Finally, Undolo presents new and ongoing research from the Variedade do Português de Angola (VAPA) project on the variety of Portuguese spoken in Angola, specifically on the plans to create the first ever monolingual dictionary of Angolan Portuguese. Undolo builds on previous research which has highlighted that in Angola, on the one hand, a national educated variety of Portuguese is emerging and, on the other, the use of Portuguese in accordance with the norms of standard European Portuguese, the written standard for Angola, is not correlated with speakers of high socio-economic status. These speakers use the emerging educated variety, which, the author notes, is based around the speech of the capital, Luanda. This variety acts as a centripetal force with respect to the other varieties of Portuguese spoken in Angola and contributes to the national and cultural cohesion of the state. Undolo contrasts this with the standard variety from Portugal, which he defines as acting as a centrifugal force, since speakers are not usually exposed to this form of speech and do not connect with it. Undolo draws attention to the lack of research on and resources for Angolan Portuguese and, in particular, the need to determine exactly what the linguistic properties of the educated variety are. The dictionary project which he describes contributes to this endeavour since its aim is to map out the lexical usage of this variety. Methodologically, the study follows a linguistic approach based on the analysis of carefully selected corpus data. Specifically, data from a set of corpora from social media is used as the empirical basis of the project since in official documents, publications, and in formal communication contexts of official institutional bodies there is always a stringent observation of the European standard variety. The results of the research show that there are various linguistic processes and means by which the Angolan Portuguese lexicon is being enriched and expanded. Of particular interest is the fact that borrowing of words or structures from Bantu languages is not the main source of neologisms. Rather, other processes internal to the Angolan Portuguese linguistic system dominate, such as reductions or abbreviated forms and other different types of semantically and morphologically motivated neologisms.


This issue attempts to bridge the gap between theory and practice, where idealised theoretical solutions for education may be rejected by stakeholders because they do not provide students with the relevant highly valued linguistic and symbolic capital necessary to compete in the linguistic market, to use Bourdieu’s terms (Bourdieu, 1977). The gap between theory and practice has been identified as a perennial problem of issues related to language policy and education. Here, too, the Lusophone countries offer a new perspective. As the contributions to this issue highlight, multilingualism is the norm in most educational contexts (Bermingham et al.) and in African society in general. Moreover, Undolo (this issue) notes how, in Angola, standard European Portuguese is not correlated with speakers of high socio-economic status. Rather, these speakers use the local, emerging educated variety, which, Undolo notes, acts as a centripetal force with respect to the other varieties of Portuguese spoken in Angola and contributes to the national and cultural cohesion of the state. There is also a growing awareness in many Lusophone countries of the challenges that arise from having a standard language for education that can be so far removed from the everyday speech of students. Combine these factors with recent tendencies to view diversity positively and the result is a social situation that is propitious for a transformative or, in the terms of Freire, an emancipatory approach to education in which speakers are key agents in changing the monoglossic and monolingual education system, based on the principle that their society is a multilingual one/based on a culture of heteroglossia.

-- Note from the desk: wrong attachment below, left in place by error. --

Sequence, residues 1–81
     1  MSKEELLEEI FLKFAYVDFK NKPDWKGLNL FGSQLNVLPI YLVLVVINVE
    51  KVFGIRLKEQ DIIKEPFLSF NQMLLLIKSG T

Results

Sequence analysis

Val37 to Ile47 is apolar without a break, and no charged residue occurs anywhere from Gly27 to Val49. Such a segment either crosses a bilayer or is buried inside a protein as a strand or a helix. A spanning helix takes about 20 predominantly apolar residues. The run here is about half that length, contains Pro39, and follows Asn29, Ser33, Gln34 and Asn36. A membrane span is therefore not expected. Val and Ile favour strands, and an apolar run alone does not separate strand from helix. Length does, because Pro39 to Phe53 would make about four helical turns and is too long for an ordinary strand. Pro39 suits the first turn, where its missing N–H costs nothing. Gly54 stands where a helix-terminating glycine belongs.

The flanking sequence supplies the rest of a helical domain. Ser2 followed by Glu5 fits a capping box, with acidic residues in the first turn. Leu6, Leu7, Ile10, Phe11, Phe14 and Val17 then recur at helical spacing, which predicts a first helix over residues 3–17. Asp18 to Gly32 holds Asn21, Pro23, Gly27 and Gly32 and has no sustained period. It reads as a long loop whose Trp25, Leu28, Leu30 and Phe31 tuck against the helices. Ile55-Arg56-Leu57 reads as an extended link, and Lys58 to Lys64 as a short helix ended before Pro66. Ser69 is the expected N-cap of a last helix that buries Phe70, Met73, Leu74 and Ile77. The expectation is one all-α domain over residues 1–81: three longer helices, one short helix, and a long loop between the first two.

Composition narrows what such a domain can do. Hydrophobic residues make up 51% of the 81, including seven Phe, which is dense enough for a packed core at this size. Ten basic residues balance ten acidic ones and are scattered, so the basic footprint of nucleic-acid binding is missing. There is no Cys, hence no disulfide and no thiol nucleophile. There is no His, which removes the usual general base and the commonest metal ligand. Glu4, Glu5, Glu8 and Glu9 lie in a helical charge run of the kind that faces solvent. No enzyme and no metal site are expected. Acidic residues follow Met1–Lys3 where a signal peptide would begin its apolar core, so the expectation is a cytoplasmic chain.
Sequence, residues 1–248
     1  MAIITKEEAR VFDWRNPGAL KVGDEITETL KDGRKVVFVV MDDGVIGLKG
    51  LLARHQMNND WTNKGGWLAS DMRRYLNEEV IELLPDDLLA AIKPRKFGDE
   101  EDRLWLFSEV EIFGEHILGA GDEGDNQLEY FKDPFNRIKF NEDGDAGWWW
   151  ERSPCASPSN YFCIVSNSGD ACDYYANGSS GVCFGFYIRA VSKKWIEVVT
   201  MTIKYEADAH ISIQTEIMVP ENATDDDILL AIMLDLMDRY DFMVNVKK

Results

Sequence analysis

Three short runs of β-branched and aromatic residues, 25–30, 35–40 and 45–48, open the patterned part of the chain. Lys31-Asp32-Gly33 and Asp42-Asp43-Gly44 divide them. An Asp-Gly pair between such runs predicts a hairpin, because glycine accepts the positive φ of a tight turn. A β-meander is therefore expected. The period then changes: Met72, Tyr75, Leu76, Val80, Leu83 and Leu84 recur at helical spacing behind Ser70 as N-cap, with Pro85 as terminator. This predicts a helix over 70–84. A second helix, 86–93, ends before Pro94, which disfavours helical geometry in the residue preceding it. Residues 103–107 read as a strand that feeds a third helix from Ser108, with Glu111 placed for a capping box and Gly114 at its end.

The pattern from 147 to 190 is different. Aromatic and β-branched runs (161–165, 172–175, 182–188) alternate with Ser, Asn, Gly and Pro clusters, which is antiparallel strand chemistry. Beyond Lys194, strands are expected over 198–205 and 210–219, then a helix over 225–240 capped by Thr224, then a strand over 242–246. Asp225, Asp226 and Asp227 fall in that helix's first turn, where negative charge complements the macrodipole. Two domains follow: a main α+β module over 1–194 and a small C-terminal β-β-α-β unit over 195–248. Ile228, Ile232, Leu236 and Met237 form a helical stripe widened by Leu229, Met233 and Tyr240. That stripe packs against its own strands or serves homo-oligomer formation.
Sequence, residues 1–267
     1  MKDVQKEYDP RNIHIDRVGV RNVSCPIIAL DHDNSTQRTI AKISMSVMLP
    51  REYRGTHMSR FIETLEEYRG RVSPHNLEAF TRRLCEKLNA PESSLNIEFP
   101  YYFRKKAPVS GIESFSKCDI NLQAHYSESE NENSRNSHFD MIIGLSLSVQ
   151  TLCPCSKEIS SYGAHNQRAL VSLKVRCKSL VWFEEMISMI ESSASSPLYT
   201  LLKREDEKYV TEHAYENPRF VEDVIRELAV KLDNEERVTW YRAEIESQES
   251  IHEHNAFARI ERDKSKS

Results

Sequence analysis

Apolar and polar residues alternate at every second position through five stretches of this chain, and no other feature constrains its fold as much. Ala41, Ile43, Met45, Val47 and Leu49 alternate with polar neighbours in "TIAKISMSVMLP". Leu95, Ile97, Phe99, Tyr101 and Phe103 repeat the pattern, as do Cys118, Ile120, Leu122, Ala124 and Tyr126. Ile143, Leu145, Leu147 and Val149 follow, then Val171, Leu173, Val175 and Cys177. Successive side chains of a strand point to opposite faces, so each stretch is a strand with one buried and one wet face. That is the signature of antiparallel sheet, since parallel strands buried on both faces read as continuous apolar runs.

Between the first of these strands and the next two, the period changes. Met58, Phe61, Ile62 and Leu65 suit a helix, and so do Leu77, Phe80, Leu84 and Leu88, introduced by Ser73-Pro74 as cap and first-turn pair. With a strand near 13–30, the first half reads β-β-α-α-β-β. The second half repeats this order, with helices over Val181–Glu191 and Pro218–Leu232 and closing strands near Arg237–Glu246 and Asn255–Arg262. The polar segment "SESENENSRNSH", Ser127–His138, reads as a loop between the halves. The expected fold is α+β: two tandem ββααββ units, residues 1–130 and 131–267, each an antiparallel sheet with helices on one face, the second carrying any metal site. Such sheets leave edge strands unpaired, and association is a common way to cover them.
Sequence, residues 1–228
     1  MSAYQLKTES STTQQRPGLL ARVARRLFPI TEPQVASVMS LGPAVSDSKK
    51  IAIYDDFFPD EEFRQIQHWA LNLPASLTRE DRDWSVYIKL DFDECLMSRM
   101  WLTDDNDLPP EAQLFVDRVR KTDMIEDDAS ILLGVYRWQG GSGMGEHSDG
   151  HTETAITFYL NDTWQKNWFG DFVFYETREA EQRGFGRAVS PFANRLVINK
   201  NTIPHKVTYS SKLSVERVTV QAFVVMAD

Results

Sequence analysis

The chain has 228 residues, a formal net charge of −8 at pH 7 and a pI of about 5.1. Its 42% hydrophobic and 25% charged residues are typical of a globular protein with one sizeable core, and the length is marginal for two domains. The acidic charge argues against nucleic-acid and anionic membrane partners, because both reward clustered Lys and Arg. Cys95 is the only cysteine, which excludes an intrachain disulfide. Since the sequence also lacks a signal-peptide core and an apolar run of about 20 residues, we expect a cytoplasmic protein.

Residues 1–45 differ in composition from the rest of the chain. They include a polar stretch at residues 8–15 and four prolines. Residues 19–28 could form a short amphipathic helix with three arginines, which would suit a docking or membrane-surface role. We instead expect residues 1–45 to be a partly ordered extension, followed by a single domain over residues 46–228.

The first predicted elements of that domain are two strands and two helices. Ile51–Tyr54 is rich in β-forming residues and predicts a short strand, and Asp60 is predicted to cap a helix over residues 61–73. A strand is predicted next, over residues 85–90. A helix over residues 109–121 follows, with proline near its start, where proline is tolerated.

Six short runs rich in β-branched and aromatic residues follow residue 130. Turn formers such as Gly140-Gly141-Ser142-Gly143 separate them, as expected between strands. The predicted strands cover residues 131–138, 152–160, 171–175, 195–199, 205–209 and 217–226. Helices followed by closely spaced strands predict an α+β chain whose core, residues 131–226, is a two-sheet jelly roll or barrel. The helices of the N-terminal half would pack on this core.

Although language cuts across social issues, and is particularly important for academic success (Benson, 2014, 2021), it has not received sufficient attention in development discourses and initiatives. This lack of engagement hinders opportunities for meaningful development to take place (Harding-Esch & Coleman, 2021). However, in order for such progress to be achieved, it is necessary to foment dialogue between stakeholders across national and disciplinary borders. In this special issue we have tried to bring together a cross-disciplinary perspective that rejects the hegemony of knowledge from the Global North—a perspective that is much needed when examining questions of linguistic inequalities and education in countries located in the Global South.